Shoshin Nagamine founder of the predecessor style of Yamabayshi Ryu, was a long-time public official and one time Chief of Police. He was a San dan, third-degree black belt, in judo. Judo by his time had replaced jiu jitsu as the subject control and arrest technique system taught throughout Japan to all police cadets and officers. As shown on my Go dan, fifth-degree black belt diploma – he called his own dojo “Kodokan” – the term for lecture hall – also the name used for the Japanese national training center for judo.
Judo had a high importance and status in Japan. Sensei Nagamine was well-versed in its methods of going to the ground and what to do when you go there. He also advised his students in the practice of karate never to fall, never to go to the ground. He advised karate practitioners to learn how to avoid being taken off their feet.
In law enforcement, when arrest is the goal, the ground may be a necessary piece of the puzzle. Under other circumstances, it is not an advantageous place to be. You encounter pavement, steps, broken glass, needles, rocks and garbage, etc. You lose the use of personal weapons, lose defensive options, and are vulnerable to getting your head smashed by your attacker’s friends. We train to stay on our feet. Our kata, and other training methods, are devised to train us in this way.
All the kata of Yamabayashi Ryu teach a lot of grappling and throwing, and go in detail into tactics which can be used to defeat an opponent who is going hands on. We strike and counter strike, but there is much more to what we are trained to do, because there is much more needed for effective personal defense.
There are seven down block combinations in first kata, the kata Sensei Nagamine created. With the possible exception of the first move, none can be understood as blocking a low attack. That is because they involve a turn to the rear. A good way to make these moves actually work with correct timing and distance is countering a grab by trapping and throwing, and then following up with a punch.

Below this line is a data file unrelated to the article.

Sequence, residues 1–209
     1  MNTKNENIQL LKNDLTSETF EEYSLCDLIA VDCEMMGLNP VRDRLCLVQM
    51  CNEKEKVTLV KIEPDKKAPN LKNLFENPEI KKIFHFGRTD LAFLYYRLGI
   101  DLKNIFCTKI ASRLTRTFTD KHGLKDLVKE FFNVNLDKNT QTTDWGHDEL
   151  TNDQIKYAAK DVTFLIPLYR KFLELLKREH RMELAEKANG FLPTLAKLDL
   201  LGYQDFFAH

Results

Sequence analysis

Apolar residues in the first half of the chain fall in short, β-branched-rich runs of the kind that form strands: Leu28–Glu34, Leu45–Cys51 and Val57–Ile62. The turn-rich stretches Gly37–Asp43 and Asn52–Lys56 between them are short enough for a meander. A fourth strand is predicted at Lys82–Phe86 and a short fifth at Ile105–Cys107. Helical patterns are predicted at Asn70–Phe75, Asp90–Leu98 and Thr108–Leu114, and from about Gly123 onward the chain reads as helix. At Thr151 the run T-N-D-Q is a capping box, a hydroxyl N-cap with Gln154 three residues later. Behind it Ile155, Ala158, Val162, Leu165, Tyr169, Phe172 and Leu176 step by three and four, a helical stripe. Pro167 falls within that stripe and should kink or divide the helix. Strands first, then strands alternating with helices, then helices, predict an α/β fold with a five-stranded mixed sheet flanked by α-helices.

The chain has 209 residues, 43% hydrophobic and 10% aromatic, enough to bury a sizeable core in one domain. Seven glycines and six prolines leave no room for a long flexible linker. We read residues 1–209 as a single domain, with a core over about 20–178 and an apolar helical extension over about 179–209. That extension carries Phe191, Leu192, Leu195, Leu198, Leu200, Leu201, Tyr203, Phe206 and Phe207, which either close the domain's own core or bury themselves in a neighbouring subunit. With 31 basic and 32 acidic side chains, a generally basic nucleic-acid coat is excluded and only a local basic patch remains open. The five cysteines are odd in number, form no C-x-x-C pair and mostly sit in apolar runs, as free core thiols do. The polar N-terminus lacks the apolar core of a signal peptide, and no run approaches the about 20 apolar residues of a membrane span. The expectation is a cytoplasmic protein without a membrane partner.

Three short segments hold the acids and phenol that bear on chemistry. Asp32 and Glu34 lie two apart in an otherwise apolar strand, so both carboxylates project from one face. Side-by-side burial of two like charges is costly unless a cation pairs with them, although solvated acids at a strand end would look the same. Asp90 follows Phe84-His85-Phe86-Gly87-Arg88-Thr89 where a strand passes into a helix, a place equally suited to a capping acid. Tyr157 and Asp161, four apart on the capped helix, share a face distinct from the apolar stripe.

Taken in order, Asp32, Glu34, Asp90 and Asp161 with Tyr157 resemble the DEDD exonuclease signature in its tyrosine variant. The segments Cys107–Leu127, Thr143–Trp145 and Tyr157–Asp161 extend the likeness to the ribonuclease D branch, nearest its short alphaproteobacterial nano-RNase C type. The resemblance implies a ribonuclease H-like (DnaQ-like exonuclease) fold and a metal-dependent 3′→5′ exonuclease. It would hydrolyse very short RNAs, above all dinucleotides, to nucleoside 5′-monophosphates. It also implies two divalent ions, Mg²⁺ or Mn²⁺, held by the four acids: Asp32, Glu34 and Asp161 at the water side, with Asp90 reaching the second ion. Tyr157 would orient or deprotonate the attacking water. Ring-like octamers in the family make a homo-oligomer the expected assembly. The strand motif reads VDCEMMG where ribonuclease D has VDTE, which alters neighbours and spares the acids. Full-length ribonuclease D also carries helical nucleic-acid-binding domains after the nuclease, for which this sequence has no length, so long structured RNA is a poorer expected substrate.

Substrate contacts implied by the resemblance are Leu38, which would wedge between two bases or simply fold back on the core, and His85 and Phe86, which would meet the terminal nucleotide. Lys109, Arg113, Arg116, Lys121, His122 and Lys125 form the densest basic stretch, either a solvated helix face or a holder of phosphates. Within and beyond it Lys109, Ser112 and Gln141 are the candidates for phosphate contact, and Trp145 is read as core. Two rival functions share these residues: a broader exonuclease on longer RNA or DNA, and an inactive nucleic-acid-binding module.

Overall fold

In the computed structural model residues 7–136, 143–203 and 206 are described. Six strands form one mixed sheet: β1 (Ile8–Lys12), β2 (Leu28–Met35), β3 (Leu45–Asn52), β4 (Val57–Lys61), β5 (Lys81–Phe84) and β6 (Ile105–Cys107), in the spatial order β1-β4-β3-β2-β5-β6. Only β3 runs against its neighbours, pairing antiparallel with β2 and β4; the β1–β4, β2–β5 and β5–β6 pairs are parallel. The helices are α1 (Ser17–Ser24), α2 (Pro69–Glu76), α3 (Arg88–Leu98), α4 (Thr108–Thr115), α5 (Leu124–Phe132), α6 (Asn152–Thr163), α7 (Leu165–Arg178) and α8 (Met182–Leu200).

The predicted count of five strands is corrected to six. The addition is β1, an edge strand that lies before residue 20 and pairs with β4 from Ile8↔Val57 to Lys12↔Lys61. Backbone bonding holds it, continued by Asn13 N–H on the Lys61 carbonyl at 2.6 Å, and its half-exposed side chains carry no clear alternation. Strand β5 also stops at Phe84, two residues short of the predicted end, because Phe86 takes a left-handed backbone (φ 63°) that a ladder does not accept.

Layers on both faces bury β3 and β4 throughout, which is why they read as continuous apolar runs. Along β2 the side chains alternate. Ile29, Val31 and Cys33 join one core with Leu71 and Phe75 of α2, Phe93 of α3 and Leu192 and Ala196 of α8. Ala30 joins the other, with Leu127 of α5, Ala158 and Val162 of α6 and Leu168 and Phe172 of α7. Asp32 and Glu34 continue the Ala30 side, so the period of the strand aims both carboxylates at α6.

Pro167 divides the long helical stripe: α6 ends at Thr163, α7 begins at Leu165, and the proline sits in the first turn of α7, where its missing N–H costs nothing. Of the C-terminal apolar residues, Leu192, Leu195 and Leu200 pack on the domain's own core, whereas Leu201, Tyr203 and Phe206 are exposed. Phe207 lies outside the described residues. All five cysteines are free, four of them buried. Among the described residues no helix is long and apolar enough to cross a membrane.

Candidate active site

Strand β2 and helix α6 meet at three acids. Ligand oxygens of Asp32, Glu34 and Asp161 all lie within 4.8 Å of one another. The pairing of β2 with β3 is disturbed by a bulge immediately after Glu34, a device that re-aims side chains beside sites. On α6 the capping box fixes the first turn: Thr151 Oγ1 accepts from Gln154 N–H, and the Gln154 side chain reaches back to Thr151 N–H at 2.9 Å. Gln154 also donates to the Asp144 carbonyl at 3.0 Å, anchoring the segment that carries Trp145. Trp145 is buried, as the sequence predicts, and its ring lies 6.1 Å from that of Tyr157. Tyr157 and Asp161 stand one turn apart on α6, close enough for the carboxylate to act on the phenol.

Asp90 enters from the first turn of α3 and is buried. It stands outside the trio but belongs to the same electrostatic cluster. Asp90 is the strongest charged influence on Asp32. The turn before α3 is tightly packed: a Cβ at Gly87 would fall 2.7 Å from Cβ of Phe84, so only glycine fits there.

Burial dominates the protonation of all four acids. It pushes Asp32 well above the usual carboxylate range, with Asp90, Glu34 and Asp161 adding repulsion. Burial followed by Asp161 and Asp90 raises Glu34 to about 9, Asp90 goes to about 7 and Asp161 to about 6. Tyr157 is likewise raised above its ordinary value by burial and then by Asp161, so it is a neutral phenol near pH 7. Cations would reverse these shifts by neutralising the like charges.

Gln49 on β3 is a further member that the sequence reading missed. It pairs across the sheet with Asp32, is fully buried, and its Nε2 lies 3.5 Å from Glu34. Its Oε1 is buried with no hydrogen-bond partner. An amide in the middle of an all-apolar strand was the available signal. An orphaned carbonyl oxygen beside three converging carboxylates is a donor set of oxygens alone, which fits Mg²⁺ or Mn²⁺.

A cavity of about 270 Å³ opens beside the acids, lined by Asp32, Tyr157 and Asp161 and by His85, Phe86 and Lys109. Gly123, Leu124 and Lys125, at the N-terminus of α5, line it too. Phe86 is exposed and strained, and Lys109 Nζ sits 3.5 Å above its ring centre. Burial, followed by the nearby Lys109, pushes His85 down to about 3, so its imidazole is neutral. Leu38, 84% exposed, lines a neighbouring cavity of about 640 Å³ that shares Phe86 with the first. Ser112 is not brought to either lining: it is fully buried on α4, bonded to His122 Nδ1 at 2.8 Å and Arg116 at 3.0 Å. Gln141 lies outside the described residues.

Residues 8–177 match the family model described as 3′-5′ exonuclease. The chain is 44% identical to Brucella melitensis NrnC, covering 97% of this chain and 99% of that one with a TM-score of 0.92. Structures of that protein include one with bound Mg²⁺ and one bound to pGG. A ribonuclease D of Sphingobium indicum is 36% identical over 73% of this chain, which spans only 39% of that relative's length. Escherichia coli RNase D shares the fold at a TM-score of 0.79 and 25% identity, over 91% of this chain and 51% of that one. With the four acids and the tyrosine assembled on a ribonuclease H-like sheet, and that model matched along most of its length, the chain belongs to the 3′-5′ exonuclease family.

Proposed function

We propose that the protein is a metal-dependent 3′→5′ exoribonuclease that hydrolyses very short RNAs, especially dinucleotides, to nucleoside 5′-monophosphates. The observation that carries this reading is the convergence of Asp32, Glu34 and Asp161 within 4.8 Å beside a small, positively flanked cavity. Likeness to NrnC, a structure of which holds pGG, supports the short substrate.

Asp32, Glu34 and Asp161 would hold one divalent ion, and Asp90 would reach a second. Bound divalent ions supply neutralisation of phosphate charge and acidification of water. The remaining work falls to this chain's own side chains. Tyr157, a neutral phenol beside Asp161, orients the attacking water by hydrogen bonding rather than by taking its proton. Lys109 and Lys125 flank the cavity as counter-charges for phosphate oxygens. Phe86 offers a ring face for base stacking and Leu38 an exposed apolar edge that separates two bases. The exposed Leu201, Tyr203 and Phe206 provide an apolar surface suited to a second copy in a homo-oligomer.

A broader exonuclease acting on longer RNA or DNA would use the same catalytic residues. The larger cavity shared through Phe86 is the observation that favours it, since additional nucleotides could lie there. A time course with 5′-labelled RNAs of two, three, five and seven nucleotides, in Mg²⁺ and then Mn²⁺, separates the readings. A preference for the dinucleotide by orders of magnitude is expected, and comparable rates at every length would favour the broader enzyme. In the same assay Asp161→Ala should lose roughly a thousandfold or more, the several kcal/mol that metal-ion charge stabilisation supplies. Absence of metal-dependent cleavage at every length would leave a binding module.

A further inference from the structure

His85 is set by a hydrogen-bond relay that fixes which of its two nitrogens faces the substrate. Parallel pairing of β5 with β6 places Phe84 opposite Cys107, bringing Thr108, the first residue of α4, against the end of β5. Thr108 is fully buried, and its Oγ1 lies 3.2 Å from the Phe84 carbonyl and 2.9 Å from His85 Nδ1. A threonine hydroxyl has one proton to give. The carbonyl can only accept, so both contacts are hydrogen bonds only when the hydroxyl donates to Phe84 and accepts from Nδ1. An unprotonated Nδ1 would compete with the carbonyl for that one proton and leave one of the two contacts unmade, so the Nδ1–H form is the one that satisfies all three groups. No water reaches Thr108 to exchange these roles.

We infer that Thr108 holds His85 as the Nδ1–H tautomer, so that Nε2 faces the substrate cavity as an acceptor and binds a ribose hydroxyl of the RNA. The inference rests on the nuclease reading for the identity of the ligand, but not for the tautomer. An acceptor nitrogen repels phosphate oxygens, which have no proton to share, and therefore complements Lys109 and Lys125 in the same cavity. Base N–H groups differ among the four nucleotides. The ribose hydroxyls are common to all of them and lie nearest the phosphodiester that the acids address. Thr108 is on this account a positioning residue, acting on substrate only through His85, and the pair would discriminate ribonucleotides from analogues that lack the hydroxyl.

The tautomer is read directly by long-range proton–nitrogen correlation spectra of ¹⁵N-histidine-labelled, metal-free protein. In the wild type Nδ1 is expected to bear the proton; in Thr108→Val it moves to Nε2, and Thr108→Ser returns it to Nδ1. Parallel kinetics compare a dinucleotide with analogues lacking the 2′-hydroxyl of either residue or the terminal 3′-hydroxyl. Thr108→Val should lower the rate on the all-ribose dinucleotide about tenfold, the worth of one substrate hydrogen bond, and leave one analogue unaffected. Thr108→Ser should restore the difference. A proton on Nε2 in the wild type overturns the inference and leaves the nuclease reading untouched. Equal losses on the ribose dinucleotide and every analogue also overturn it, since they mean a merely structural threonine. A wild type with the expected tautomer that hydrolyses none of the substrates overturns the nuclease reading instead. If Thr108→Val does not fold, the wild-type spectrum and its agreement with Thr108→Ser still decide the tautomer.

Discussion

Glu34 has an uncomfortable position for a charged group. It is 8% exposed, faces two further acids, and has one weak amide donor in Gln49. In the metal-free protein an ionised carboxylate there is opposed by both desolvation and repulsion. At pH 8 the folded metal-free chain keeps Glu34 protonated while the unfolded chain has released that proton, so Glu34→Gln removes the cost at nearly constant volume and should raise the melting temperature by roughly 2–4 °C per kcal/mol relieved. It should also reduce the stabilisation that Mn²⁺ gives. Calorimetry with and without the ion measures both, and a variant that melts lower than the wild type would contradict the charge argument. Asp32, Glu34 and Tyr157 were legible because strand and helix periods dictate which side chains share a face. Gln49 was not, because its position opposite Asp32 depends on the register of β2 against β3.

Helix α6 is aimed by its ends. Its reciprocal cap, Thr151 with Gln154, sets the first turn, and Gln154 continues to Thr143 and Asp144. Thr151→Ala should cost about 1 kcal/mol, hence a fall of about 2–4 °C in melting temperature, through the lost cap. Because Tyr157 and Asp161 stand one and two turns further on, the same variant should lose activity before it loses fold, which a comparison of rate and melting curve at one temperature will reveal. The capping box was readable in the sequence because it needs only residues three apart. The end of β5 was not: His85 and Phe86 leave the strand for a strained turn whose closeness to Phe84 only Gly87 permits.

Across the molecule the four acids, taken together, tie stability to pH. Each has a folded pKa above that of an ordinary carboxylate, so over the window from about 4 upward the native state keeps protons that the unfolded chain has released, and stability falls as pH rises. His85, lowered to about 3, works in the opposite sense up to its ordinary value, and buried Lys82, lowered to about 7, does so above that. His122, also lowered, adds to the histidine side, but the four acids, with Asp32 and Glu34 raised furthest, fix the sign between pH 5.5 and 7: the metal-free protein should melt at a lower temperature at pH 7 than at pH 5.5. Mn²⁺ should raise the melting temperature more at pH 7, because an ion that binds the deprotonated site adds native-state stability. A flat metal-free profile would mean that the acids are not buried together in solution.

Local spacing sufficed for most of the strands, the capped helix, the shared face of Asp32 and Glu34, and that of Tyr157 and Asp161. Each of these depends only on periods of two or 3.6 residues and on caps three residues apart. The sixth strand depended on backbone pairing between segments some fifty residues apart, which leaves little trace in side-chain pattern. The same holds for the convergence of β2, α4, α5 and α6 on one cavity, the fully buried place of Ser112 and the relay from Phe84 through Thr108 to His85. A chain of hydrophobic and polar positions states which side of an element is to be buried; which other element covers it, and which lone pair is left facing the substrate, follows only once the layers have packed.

The kiai move, not one of the seven down block combinations, is also an anti-grappling or anti-throwing technique. It follows a high block with a small step, by the left foot, to the left. This makes sense as a counter to a throw: Your opponent punches to your face, you high block, he immediately drops his same elbow to your chest, pushing forward into you as he steps his foot behind your left to sweep and throw you backwards. You do th emove as shown in the kata: sidestep with your left foot, pushing your knee against his knee. Then you rotate your body toward him applying pressure to his knee with yours, using the natural leverage of your position, to spin him easily, for a back punch with your kiai technique.
The second to third count: If your arm is grabbed when punching you could roll out or you could go to the ground or you could do what we learn to do: drop your center, trap the opponent’s grabbing arm, pull him against you and throw him over your hip. If there is too much resistance to do it, that is if you were too slow to disrupt his balance, then you could follow up with other options. But, in first kata, making this work is what is being taught. The follow up finishing technique after the 180 degree turn and throw, is a chest height punch. (At the height of your chest, as shown in the kata. What the target is on the body of the opponent is not specified.)
In Pinan Nidan this sequence appears again, identically, but it is followed up differently. Here is it followed by another attempted grab and counter, which an opponent could apply if he was able to grab your punch after you executed the throw and counter combination described above from first kata. With your right-hand punch grabbed you could go to the ground, or you could roll out or leap over to release the pressure applied to your grabbed arm. But you could also do what we train to do: drop into cat stance, pull the attacker off balance toward you, break the attacker’s wrist grab with a wrist strike and as he is falling toward you, immediately reverse direction and counter attack with a punch. Which is what is in the kata. High speed reversal and full-body coordination are required to pull this off. That is why we train in the use of the waist to reverse direction, from day one. And as a result we do not need to roll out, leap, or go to the ground as we might with a judo orientation.
There are many good modes of self-defense and combatives. We stay on our feet and fight, as recommended by Chief of Police, judo San dan, and 10th degree, life time karate practitioner, Nagamine Shoshin.